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Kreuz market update - God does listen

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  • Greg Spence Oct 21, 1999 04:36 PM
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I've recently had the priveledge of giving the new Kreuz Market (Lockhart, TX barbecue) a thorough going over. I approached the new building and its crucial pits with some trepidation. After all, how do you recreate something that was 80 years in the making? Failure to successfully recreate the temple of Texas Barbecue could well have created a 'cue crisis. Without the Kreuz beacon to follow, quality might have suffered on a statewide basis.

Not to worry. The prayers of the faithful have been answered. The 'cue at the new location is as good as the old ever was. Pitmaster Roy is working his magic on a pit area about eight times the size of the original. The fires are still on the floor, but you no longer have to brave the heat to get to the goods.

All of the meats are a succulent as ever. I went in doubting the ability of the food to recover from the move, but quickly cast those doubts aside. In fact, I found myself returning within the week. The line for the sides is unchanged, but you do now have the choice of eating in a large screened area or in an airconditioned room, which also stores Blue Bell ice cream and fresh meats (don't forget the meat market roots of the place). I prefer the screened area if it's under 90 or so.

One side note. Don't take a Canadian along. Our misguided Canadian companion actually asked for dry beef. He meant lean beef (a bad idea, but not a 'cue crime) but we did have to fight our way through the glares of regulars and pitmen. I was afraid for a minute we'd be banned for life. Dry beef. I still can't believe he said that.

In short, go back to Kreuz, it's still the king. As for the old market, the mean sister in the story who forced the move is trying to operate a barbecue place in the old building she selfishly took from her brother. I haven't seen any cars in her parking lot. 'Nuff said.

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  1. Greg,

    I haven't been to Lockheart in years. Over all of Texas great bar-b-que places crop up. I was glad to hear your original post mentioning some of my favorites

    I must state I do believe rating BBQ places is like viewing a major beauty pageant. Though each of us may have our favorites, there will be several stunning examples in the 'top 10', none can honestly deny this.

    One of my favorites was "Miller's" in Georgetown in the mid seventies. I will give Morice Plyant in Glen Rose top grades until his death. Many of the shops throughout Central Texas are tough to better.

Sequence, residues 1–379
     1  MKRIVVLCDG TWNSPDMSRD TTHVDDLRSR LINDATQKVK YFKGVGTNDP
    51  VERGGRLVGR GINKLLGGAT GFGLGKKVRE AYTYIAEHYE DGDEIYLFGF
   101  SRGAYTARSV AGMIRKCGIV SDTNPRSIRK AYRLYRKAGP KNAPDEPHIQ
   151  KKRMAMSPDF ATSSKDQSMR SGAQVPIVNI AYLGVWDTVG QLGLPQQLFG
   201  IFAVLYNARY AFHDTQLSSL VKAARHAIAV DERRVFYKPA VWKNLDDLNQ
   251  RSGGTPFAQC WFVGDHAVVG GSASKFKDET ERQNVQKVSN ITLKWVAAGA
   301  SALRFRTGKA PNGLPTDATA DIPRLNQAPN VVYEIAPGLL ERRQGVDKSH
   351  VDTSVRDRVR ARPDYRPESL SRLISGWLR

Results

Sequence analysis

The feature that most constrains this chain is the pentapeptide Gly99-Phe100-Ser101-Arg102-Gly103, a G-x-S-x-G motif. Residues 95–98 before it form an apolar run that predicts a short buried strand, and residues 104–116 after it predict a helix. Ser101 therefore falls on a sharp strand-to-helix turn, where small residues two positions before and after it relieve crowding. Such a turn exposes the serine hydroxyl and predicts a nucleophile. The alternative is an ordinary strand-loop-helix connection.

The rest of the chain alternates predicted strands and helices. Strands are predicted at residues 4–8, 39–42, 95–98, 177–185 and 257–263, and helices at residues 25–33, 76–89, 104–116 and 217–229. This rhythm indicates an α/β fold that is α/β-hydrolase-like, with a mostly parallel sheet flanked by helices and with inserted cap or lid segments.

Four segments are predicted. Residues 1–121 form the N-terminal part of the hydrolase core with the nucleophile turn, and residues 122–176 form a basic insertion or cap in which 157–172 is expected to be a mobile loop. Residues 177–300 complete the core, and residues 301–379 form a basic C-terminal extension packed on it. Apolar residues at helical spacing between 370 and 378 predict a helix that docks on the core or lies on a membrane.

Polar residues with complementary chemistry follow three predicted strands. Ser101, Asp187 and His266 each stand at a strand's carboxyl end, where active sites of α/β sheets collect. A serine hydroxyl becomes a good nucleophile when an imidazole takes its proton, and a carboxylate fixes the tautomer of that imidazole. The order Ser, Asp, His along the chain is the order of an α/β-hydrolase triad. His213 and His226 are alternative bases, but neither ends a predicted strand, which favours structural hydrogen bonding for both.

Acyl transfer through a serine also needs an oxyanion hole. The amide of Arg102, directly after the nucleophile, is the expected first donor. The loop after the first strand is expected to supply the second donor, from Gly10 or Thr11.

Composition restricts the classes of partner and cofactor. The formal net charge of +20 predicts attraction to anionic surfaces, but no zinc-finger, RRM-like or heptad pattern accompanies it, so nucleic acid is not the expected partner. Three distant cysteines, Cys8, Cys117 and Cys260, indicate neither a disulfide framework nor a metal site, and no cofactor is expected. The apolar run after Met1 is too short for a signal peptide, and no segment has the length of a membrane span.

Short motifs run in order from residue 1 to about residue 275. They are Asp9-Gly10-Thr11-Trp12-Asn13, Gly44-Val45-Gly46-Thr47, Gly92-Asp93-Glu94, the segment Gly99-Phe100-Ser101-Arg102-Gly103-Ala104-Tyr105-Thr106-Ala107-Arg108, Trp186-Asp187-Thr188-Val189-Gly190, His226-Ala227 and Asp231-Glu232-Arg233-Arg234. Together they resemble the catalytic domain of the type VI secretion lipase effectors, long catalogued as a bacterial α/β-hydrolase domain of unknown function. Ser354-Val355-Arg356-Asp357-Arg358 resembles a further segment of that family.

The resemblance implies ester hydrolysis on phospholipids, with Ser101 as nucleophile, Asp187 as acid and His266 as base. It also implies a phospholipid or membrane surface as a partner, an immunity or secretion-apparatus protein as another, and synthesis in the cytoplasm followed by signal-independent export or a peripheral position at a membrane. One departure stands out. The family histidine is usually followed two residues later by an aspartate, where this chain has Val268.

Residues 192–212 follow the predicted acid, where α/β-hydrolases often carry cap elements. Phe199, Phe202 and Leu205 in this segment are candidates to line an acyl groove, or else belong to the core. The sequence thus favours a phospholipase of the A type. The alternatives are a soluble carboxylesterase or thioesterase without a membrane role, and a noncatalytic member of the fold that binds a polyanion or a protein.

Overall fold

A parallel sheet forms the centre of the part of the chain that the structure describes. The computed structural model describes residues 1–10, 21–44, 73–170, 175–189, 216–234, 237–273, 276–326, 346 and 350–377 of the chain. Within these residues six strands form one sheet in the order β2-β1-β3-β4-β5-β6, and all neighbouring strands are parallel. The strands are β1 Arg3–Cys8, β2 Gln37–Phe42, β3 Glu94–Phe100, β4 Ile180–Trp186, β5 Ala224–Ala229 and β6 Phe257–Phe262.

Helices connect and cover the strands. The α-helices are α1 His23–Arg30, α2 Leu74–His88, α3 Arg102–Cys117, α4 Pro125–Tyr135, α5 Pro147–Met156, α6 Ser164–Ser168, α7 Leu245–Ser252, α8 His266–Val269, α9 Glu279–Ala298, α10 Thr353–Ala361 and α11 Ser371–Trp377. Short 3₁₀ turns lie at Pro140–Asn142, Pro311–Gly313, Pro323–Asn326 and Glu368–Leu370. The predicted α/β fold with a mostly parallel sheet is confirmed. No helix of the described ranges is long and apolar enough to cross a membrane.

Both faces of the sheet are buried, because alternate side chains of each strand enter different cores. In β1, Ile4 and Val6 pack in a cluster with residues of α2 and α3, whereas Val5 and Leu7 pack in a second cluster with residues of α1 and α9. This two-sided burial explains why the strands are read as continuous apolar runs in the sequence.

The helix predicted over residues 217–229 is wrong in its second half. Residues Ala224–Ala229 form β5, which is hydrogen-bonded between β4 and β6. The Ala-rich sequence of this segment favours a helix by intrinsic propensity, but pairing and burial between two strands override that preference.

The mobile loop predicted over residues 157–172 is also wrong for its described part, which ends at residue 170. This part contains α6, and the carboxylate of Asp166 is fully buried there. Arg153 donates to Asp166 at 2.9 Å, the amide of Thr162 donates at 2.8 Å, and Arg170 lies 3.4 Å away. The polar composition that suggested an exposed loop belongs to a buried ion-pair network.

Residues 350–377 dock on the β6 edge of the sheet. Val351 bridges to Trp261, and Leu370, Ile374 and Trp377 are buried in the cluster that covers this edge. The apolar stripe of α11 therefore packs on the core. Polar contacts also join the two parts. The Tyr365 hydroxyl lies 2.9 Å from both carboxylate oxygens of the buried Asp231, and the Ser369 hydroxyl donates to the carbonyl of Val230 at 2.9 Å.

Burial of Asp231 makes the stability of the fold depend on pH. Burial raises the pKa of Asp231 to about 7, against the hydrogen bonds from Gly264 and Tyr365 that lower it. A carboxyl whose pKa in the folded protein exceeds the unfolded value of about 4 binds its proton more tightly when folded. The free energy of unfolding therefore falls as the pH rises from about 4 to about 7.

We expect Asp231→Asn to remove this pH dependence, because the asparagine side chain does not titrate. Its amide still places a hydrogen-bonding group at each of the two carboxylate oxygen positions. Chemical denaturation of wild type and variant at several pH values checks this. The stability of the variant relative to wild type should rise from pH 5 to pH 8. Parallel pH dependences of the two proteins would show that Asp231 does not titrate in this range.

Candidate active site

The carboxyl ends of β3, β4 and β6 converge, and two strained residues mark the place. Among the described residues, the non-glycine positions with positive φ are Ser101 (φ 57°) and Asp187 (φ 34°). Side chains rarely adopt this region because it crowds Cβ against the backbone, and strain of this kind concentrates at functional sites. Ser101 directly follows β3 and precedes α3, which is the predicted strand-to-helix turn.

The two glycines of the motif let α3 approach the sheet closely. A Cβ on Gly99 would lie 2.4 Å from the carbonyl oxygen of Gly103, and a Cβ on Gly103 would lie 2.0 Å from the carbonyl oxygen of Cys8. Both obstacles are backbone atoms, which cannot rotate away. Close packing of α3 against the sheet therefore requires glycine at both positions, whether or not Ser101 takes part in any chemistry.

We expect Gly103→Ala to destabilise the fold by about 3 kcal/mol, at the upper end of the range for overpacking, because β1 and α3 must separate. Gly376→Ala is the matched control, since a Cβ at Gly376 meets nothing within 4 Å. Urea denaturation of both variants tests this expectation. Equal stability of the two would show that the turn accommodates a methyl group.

Texas is large enough to have several distinct styles of BBQ. Affectionados of the style and sauces of 'German' style might not appreciate the East Texas style or the type cooked around the 'Big Bend'.

    One of my more memorable BBQ meals was served at the 'Piasño encampment by the '06 ranch on pits built on old WWI artillery carriages.

    Ron Brown - rgbrown@itexas.net

    4 Replies
    1. re: Ron B

      Hi, Ron

      thanks for posting.

      Hey, if you have a sec, I'd love it if you could expand a little bit on the different types of 'cue in Texas (German vs. East Texas, etc etc).

      Also, what do you think about the Salt Lick? I've heard reports that it's gone downhill...

      There are a lot of chowhounds in Texas, and we're hoping to attract some of 'em to this board, because the cuisine down there (not just 'cue) is real interesting: German meets Mexican meets Native American meets Scottish/Welsh (with a touch of Cajun!).

      Please spread the word about us, ok?

      And, believe it or not, we've got one good Texas-style place in New York (see the discussion of "Pearson's" on the New York Outer Boroughs Message board!)

      ciao

      1. re: Jim Leff

        I went to Salt Lick for the first time last year, and I wasn't very impressed. Not nearly on the level of Kruez. On the way out, I took a look at their bottled sauce, and the ingredients were on the fake side. And it has something like soy sauce in it, I think. Weird.

        1. re: Cathy

          Salt Lick is fun and everything, but it isn't a wart on the rump of Kreuz, and I suspect it never has been. The sauce is indeed a distant relative of teriyaki sauce--which makes sense, because one of the founders is Hawaiian.

          1. re: j gold

            Yup, go to Kreuz!
            My wife and I just moved to Austin from Boulder, Colorado. Locals sometimes shake their heads and ask "why did you leave Colorado? It's so beautiful."

            Well, here's one great reason. All doubts, even Susan's (No forks. No plates. No sauce? No sides - not even cole slaw! Let's go someplace else.) dissipated when consuming that glorious pork loin. Unfortunately they were out of brisket, but the beefy clod and, Susan's fave, the greasy-good sausage more than made up. I bought some chips but never even opened the bag.

            When friends and relatives come down, we won't go to the tourist-friendly places that conspire to make every locale the same. We're takin' 'em to Kreuz.